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More than a Hymn

Did you know that Joy to the World was originally an Advent Hymn? You can hear the Advent themes in phrases like, “let every heart prepare him room,” or, “no more let sins and sorrows grow, nor thorns infest the ground; he comes to make his blessings flow far as the curse is found.” The hymn recognizes the problems of the world, but is full of expectation that God is about to do something new to change things.


Joy to the World feels more like a promise than a hymn. Joy like this is a state of being. Joy like this goes deeper than happiness. It is beyond emotion or circumstance. Has this joy ever found its way to you? Have you ever found joy in the midst of sadness? Have you experienced joy, not because of the circumstance, but in spite of the circumstance? I wonder if joy like this is a choice? Can we simply decide to be joyful? I don’t know the answer, but I suspect the answer is no. In my experience, joy like this only comes as a gift from God.


I found joy like this once in South Africa. I was watching as one hundred or so very happy kids were playing. I was talking to one of their parents and he mentioned that all of the kids in that group had lost at least one of their parents to the AIDS epidemic. It was shocking news, especially as I took in the scene of joyful happy smiles before me.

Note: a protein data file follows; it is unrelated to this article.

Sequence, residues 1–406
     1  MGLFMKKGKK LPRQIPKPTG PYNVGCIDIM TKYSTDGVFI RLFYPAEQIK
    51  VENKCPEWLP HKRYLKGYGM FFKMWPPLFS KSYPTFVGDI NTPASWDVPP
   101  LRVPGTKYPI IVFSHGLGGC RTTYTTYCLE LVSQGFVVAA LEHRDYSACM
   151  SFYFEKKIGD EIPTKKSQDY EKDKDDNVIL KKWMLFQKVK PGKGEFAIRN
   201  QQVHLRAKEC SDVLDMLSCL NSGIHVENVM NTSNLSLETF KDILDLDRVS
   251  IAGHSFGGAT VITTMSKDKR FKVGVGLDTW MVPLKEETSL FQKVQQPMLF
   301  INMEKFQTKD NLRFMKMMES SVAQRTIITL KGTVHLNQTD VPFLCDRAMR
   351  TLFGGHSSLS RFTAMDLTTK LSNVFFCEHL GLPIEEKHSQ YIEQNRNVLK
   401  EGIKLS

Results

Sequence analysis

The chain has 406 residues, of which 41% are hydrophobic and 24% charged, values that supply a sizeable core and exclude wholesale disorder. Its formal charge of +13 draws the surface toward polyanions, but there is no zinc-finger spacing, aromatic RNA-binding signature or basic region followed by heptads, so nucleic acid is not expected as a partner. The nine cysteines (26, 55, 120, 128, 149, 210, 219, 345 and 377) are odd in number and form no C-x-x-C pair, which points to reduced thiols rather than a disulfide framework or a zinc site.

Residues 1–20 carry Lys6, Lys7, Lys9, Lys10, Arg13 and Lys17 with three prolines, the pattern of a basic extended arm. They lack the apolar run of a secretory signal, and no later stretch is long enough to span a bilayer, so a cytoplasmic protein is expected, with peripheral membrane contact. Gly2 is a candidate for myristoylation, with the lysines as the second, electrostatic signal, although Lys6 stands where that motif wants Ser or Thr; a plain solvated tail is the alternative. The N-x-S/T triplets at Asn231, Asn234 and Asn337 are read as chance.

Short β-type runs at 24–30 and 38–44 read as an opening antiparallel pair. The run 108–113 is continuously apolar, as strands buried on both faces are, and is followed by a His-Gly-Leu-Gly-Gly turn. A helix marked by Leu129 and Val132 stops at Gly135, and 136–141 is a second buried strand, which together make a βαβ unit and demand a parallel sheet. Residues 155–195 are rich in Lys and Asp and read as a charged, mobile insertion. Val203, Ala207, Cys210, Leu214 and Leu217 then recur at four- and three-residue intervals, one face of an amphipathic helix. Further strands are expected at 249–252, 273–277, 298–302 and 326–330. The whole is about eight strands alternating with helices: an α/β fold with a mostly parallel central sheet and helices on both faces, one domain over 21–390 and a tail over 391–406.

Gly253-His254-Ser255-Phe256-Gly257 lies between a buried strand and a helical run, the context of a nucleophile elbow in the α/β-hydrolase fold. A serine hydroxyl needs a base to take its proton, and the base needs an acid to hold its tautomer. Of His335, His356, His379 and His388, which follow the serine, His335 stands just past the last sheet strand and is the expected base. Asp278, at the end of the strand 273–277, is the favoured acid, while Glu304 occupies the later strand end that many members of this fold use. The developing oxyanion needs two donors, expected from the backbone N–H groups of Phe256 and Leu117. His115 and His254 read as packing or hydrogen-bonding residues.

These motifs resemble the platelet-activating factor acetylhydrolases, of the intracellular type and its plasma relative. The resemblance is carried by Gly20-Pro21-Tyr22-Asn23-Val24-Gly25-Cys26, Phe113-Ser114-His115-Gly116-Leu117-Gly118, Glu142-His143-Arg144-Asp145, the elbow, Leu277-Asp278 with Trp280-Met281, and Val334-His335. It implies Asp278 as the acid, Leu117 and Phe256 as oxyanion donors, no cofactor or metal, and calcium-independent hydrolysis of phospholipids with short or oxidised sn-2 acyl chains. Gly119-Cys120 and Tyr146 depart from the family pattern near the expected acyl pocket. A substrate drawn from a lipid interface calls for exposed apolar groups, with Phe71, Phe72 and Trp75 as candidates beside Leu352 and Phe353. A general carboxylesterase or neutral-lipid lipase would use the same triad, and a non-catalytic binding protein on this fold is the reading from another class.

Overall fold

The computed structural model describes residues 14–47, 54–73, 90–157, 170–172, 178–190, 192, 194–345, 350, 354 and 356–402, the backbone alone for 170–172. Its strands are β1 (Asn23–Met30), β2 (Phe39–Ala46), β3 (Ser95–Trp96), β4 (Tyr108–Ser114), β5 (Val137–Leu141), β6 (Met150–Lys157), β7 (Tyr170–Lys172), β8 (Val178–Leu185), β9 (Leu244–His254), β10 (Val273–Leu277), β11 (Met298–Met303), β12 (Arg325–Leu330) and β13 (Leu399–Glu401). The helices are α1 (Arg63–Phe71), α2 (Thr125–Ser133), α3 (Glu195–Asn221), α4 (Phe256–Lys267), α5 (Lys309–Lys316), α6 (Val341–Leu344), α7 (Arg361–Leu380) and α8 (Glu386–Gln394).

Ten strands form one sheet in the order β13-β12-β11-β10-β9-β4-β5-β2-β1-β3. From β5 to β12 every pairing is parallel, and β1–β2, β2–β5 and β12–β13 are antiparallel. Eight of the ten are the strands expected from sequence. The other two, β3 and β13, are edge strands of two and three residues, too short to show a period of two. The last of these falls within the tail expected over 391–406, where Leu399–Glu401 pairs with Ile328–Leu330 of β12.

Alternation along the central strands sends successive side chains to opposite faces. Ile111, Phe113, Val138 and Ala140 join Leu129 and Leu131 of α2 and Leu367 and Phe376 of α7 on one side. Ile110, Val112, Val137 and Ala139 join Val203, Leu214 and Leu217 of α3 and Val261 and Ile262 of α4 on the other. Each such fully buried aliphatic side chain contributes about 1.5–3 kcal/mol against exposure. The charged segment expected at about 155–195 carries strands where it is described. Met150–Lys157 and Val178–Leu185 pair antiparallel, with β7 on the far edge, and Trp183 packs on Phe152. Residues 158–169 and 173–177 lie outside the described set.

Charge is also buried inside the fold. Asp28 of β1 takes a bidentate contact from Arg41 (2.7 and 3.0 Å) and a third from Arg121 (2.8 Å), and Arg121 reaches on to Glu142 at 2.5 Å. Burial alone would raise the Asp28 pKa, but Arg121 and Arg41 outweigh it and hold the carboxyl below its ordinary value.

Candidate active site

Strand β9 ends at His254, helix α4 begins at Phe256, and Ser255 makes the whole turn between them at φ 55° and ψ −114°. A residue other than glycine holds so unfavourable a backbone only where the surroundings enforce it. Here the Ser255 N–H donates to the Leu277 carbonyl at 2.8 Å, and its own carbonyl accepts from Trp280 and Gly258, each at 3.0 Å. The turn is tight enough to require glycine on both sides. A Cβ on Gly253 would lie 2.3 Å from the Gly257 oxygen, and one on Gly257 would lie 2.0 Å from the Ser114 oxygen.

I remember feeling ashamed at that moment. I had lost my Dad about 6 months before, and God and I had not been on speaking terms. I had not let myself smile or feel joy. I was angry.


I had come to accept in my mind the truth that I was lucky to have had a great Dad for 25 years, but I was still ticked. In that moment of shame, I still allowed myself to feel that anger at God, but it didn’t help. I just felt more shame.


At that moment I decided to let it go. I had been holding that anger so tightly that as soon as I set it down the joy present in those kids spilled over into me. It was as if the kids decided to loan me some joy to get through the moment.


I am writing about joy today because it is Advent, and because I know the holidays are difficult. This season of “Joy to the World,” of food, celebration and family, reminds many of us of the people we have lost. We miss family and friends and joyful seasons of our lives. We have trouble feeling hopeful that the world could ever feel happy.


If Thanksgiving, Advent and Christmas only bring you sadness, my prayer for you this season is that God will give you the gift of joy. I don’t mean that your sadness will go away, or that everything will suddenly be perfect. I pray that joy will break in for a moment, or for a time. I hope we can all find a bit of joy and hope, the Joy to the World the Lord is come expectation this Advent season calls us too.


See you in church.


Fr. Tom +



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